As a record, Black Marble Carapace is patchy at best, however when viewed as an early exhibition into the troubled, disturbed thoughts of a promising new artist, it’s hard not to get excited about Mr. Pemberton‘s future work, picturing it comfortably rubbing shoulders with Planning For Burial, Wreck & Reference and Have A Nice Life. It’s a brave fusion of genres as far apart as singer-songwriter and dark ambient, with the end result being a bold collection of aural juxtaposition.
[section label=”Mörkö- Itsensänimeävä”]
Label: Independent Release
I’ve always been a fan of bands that like to push boundaries in the extreme metal genre; even if the finished product isn’t “up to snuff,” I applaud bands for taking risks. Mörkö are one such band, and though they aren’t exactly a new band (having formed in 1998) their releases have been few and far between enough that they haven’t exactly become a household name.
Itsensänimeävä is certainly a mixed bag of sounds; the core is black metal, but there are a lot of odd time signatures, atonal progressions, and loads of atmosphere. The music is pretty similar to Dødheimsgard, in particular the newer, more avant-garde material, though without the industrial aspects. There are slow, almost doom-like moments, but mostly, a mid-paced chaotic sounding avant-black metal sound, that cause a disorienting affect, coupled with a decent vocal variety. Although there are shrieks aplenty, there are also some cleaner chant-style vocals, like those on “Nesteen luo.” The members of Mörkö also have a side-band called Disorder of Deadeight that focus on a more psychedelic noise-rock sound, and you can’t help but feel that their activities in that band have bled into the new metal material, it’s that different from any other extreme metal you’ve heard. In actuality, Itsensänimeävä is seen as the conclusion to a trilogy started by Disorder Of Deadeight, so the avant-garde influences aren’t too much of a leap in style. The more metal aspects of the band are pretty similar to Celtic Frost, and have a really raw old-school feel to them.
One disappointing element to this album, and which keeps it from being excellent, is the production; when the band plays more straight-forward metal the production works fine, but the more experimental stuff really gets lost in translation. The music presented here really deserves a much cleaner and modern sounding production, much like the production you hear on the newer DHG albums. That, coupled with the somewhat challenging nature of the music, might turn a few people away, but if you can look past the lo-fi quality in the sound, and if you can get into some more experimental songwriting, you may find something to like here.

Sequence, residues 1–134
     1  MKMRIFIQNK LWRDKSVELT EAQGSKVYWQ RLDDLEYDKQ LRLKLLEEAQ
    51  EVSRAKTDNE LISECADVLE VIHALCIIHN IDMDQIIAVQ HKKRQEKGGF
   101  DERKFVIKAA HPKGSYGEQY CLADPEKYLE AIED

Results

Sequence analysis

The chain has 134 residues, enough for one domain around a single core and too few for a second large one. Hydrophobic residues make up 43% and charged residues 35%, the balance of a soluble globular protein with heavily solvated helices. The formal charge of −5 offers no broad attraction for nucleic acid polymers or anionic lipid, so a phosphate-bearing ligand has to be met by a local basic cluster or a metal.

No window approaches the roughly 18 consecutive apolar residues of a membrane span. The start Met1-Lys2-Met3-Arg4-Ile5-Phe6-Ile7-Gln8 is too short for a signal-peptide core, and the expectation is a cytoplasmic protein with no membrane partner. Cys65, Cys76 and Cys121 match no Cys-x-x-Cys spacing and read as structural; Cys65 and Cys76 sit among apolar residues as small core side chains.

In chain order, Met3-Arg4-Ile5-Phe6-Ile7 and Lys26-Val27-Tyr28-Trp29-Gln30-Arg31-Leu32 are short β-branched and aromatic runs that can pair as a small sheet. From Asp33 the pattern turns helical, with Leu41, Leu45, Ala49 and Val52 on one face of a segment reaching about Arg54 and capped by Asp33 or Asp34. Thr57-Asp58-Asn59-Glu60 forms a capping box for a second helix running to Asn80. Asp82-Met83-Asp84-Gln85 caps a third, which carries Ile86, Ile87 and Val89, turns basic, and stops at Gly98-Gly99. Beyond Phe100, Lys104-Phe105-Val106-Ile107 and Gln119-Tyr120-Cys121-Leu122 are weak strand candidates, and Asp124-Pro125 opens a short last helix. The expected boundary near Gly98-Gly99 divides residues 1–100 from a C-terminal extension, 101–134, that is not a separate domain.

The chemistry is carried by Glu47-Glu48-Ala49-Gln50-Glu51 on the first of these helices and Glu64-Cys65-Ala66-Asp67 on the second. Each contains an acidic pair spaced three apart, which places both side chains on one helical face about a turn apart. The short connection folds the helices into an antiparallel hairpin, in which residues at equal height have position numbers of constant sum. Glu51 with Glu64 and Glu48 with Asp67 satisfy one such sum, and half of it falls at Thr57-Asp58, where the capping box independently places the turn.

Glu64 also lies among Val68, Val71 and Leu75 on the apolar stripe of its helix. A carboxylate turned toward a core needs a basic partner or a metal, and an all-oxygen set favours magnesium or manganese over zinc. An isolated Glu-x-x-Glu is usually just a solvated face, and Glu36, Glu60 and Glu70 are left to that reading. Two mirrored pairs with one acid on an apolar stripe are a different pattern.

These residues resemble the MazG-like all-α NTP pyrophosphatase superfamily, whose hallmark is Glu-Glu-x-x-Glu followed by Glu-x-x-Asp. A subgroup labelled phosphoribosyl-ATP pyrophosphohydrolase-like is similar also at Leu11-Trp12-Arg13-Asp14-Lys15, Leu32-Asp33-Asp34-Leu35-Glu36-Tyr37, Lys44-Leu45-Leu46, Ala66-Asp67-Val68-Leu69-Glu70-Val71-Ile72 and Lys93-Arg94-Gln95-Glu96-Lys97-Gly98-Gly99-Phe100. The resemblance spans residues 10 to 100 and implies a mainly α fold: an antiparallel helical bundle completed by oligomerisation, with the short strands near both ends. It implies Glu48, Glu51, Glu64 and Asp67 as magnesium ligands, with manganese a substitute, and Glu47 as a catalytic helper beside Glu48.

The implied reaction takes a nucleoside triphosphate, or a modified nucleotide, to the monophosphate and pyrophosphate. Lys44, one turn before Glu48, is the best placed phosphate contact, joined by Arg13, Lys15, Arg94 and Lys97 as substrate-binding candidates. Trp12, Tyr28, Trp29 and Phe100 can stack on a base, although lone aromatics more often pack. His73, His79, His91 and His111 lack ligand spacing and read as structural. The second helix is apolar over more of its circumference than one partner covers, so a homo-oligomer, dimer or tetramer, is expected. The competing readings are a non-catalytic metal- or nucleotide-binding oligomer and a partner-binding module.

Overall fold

[section label=”Reclvse – Reclvse”]
Reclvse – Reclvse
Label: Independent Release
Reclvse are a Welsh doom metal band that formed just last year, and play a very traditional style of doom. They’ve digitally released their self-titled debut demo (which features 3 songs and clocks in at nearly 20 minutes) on bandcamp, and I have to say they have already left me wanting more.
The band plays traditional doom in the vein of Pentagram and Reverend Bizarre, with occasional hints of gothic doom similar to My Dying Bride. The music moves at a glacial pace and creates a gloomy atmosphere, with occasional bursts of speed. The vocals are melodic, and give off a dreary vibe that at times remind me of Aaron Stainthorpe from My Dying Bride, and they really make the tone of the music melancholic.
Sadly, the production hinders Reclvse, as this type of music really deserves to have a larger than life sound, and what you get here sounds like more of a garage recording, almost like it was recorded live. There’s an acoustic section towards the end of “Bewitch The Sky” that falls a bit flat, and probably should have been given another take in the recording process. The guitars have a buzzy tone to them, and just a little too much echo, while the overdubs sound like they were recorded by plugging straight into a computer.
Although Reclvse are a young band, and have a bit of work to do in the recording/production side of things, they already have some very strong song-writing. I’m anxious to see what they could do if they were given a big budget; if they tightened a couple of loose screws, Reclvse could become a well-oiled doom metal machine.
Well, that’s it for now! Tune in next Wednesday to see what new demos we’ll have for you!